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More fat cells, less fat?

A fat-based hormone, the first of its kind to be identified, may regulate the body's metabolic rate, according to a linkurl:report;http://www.cell.com/content/article/abstract?uid=PIIS0092867408010143 in this week's __Cell.__ The results paradoxically suggest that aspects of metabolic disease could be controlled by spurring the production of new fat cells. "There's a strong dogma that excess fat is bad in every form, that the effects will always be negative," said principal investigator Gokhan

Edyta Zielinska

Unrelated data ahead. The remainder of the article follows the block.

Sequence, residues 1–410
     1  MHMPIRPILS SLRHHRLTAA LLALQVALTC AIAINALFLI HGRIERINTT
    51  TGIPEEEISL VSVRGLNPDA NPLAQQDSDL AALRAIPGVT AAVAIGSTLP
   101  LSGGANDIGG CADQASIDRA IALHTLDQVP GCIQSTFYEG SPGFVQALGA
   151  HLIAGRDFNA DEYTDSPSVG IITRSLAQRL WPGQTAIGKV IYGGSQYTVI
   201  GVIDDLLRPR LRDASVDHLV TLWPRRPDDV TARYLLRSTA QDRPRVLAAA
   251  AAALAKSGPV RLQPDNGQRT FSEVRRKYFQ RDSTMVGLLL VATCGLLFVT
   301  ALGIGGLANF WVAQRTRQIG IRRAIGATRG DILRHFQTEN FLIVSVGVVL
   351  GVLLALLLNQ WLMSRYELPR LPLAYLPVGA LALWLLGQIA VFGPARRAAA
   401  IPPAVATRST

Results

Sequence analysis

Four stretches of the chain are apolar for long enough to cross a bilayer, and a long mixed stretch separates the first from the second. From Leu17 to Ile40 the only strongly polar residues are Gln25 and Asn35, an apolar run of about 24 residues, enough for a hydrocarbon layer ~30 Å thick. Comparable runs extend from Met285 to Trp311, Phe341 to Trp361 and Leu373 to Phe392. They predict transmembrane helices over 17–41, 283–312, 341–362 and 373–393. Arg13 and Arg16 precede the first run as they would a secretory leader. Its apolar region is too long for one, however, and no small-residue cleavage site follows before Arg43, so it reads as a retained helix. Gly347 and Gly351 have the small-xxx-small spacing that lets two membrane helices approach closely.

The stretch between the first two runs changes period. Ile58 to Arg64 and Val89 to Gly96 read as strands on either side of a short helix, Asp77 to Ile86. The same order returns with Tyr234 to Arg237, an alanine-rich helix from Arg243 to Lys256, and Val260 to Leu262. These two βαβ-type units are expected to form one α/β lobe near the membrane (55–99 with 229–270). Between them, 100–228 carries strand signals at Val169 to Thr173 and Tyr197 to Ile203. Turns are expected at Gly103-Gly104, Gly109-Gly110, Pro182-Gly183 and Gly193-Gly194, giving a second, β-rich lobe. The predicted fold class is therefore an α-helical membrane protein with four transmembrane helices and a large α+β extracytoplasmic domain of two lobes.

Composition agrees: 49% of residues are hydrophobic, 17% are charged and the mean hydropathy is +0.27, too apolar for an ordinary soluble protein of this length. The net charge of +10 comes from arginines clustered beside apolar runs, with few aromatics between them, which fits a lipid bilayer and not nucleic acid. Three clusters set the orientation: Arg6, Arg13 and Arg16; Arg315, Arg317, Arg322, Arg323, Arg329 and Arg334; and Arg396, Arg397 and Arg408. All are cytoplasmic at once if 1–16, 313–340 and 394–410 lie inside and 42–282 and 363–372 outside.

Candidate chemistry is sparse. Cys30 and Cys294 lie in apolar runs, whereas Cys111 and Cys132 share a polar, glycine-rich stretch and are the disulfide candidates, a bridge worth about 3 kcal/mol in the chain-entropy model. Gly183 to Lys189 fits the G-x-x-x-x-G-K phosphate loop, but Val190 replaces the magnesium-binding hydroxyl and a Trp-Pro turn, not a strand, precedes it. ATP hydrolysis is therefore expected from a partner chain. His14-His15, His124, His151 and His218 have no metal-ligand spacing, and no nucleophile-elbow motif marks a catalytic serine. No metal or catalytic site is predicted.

A fat-based hormone, the first of its kind to be identified, may regulate the body's metabolic rate, according to a linkurl:report;http://www.cell.com/content/article/abstract?uid=PIIS0092867408010143 in this week's __Cell.__ The results paradoxically suggest that aspects of metabolic disease could be controlled by spurring the production of new fat cells. "There's a strong dogma that excess fat is bad in every form, that the effects will always be negative," said principal investigator Gokhan Hotamisligil from the Harvard School of Public Health. "In these animals the hypothesis did not hold up." Hotamisligil and colleagues were studying lipid chaperones, which control the storage of fat inside cells. When they created knockout mice missing two of the chaperones, they saw systemic changes in metabolism as well as increased production of new fat cells. Since the new fat seemed to be causing changes in insulin sensitivity in organs such as muscle and liver, the researchers suspected it was releasing...

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